In each of these environments, the Turnkey Linux appliance automatically downloaded and installed the latest Ubuntu security updates at boot time. It also offered a simple command-line administration console through which I could configure networking and find the addresses where I could access the appliance’s Web-based administration tools.
I fired up my Mediawiki appliance on one of our vSphere hosts, made some customizations, added a few pages and then headed off to back up my changes. I logged in to my server via SSH (Secure Shell) and used the command line to initialize the TKLBAM (Turnkey Linux Backup and Migration service) by providing the API key I was assigned when creating my account at hub.turnkeylinux.org. (I also could have configured backups through a Webmin module.)
All backups created by the application are encrypted before being uploaded to S3, with an option for further securing the data with a passphrase, which I did. From there, creating a new backup is as easy as running the command, TKLBAM-backup. In our lab, the port for NTP (Network Time Protocol) is blocked by default, and the Turnkey backup app looks to verify the time with a time server, so I added a hosts file entry that pointed pool.ntp.org at our internal time source before the backup would run.
I didn’t want this modification to carry over to potential restore hosts running outside our network, so this time-server workaround gave me a chance to test out the TKLBAM option for excluding data from the backup. This was straightforward enough, and required adding a line to the config file “/etc/tklbam/overrides.”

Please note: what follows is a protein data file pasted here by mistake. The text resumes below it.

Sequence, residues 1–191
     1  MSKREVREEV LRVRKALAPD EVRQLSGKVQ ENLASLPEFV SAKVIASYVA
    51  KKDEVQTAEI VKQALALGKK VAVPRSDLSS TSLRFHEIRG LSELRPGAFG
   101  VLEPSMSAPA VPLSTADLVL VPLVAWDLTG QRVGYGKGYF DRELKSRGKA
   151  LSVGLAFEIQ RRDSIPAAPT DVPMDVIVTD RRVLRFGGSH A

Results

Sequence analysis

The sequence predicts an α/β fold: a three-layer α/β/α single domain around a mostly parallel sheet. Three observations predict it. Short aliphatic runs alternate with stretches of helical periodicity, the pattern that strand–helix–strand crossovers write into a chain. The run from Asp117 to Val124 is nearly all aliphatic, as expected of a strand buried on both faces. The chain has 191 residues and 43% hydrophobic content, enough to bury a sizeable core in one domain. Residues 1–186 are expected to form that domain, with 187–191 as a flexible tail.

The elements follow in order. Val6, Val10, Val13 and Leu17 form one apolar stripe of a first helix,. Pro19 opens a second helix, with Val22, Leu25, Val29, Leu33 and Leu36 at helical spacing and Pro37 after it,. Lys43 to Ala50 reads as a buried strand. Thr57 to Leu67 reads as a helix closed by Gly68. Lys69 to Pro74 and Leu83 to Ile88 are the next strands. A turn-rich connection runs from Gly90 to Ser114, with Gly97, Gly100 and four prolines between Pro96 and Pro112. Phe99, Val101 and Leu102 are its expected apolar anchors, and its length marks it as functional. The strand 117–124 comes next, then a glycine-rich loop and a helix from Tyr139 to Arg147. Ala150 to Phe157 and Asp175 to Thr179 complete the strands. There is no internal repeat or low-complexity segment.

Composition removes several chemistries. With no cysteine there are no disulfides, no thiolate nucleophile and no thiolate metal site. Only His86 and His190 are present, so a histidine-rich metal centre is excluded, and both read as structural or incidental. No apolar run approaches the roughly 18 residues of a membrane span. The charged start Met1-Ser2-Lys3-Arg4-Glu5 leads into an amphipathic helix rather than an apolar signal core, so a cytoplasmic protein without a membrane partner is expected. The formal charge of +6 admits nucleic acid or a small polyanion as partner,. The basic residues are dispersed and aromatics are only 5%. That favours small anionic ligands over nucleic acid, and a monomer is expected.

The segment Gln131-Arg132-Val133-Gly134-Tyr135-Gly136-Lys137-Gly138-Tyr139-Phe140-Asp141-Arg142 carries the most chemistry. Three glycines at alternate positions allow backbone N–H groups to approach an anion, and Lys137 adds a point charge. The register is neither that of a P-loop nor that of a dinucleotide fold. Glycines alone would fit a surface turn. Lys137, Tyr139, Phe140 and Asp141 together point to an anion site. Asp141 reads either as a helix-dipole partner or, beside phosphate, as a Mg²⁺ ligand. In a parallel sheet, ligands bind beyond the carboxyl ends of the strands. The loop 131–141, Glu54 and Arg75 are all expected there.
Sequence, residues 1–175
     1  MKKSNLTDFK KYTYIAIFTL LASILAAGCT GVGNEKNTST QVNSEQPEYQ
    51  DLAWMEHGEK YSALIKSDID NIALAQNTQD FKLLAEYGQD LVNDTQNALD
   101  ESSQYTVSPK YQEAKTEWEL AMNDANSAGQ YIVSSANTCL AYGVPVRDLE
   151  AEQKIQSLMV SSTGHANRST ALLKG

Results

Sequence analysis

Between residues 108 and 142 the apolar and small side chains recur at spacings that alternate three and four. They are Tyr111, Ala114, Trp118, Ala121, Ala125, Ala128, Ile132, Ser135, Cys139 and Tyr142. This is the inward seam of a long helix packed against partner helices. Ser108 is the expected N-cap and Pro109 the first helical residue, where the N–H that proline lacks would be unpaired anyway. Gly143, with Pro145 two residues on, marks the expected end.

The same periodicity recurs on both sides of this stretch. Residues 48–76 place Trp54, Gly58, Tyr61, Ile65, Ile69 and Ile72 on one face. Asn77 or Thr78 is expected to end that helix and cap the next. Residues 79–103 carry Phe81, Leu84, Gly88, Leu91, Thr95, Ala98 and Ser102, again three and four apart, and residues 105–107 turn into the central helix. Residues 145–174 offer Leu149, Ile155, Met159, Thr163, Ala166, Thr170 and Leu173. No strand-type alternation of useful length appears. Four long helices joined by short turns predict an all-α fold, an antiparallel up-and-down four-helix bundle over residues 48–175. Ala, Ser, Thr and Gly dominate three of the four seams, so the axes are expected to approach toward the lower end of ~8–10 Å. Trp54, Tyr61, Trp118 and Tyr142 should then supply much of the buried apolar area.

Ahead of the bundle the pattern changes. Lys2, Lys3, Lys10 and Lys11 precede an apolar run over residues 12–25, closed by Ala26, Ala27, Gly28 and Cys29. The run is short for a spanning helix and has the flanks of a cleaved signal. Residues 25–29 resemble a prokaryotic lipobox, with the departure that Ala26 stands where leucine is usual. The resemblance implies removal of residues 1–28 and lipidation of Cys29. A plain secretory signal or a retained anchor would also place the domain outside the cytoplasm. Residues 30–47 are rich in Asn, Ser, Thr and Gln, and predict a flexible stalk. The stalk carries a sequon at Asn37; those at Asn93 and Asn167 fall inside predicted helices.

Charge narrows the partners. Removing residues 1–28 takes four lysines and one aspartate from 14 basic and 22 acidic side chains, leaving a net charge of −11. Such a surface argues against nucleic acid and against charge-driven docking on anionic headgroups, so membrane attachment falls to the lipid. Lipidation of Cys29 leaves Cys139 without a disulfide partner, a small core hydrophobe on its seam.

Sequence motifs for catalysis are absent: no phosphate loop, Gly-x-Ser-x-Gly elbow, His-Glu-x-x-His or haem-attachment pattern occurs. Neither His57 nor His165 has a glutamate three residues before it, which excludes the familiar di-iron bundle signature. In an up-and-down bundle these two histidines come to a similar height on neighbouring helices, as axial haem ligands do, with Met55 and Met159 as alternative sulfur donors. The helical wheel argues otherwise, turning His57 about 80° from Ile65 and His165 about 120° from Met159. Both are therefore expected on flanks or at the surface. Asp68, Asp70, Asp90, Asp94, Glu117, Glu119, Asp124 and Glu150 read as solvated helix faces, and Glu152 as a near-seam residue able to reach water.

TKLBAM stores backups on Amazon S3, but not in user-controlled S3 buckets. It’s not possible, for instance, to view and browse through your TKLBAM backups using the AWS Web console or other S3 management tools. Rather, the data is stored in a bucket associated with the Turnkey Linux Hub services.
The backup application taps the open-source backup application Duplicity to handle the backups-and any storage target supported by that project could be used to store the backups- but using a backend other than the default Amazon S3 brings additional configuration complexity.
I’d like to see the Turnkey Linux project provide an appliance that performs the Hub functionality, opening the door to using these services completely within an organization’s firewall, if desired.
I tested out the service’s restore functionality by launching a new Mediawiki instance on Amazon EC2 through the Web interface of the Turnkey Hub service. The operation was simple enough: I selected the Mediawiki appliance from a drop-down menu of supported Web applications and chose a small instance size. I had to provide passwords for the Mediawiki instance’s MySQL and admin accounts, even though I intended to replace them through the restore operation.
Once my Mediawiki server was up, I connected to it via SSH and ran the TKLBAM-restore command to restore the backup I’d created of my vSphere-hosted instance. Following a reboot of the virtual server, my Mediawiki instance ran on EC2 with all the same files, data and user accounts I’d configured locally.
The console for launching and managing EC2 instances itself is fairly straightforward. There are controls for restarting or terminating running instances, viewing instance details and console output, and checking whether backups are enabled.
I was interested to find a utility in the Turnkey Linux Hub interface for configuring the security policies that control network access for EC2 instances. I could also add an elastic IP address (one that persists across reboots) and add an EBS (Elastic Block Store) volume (similarly persisting) from this console.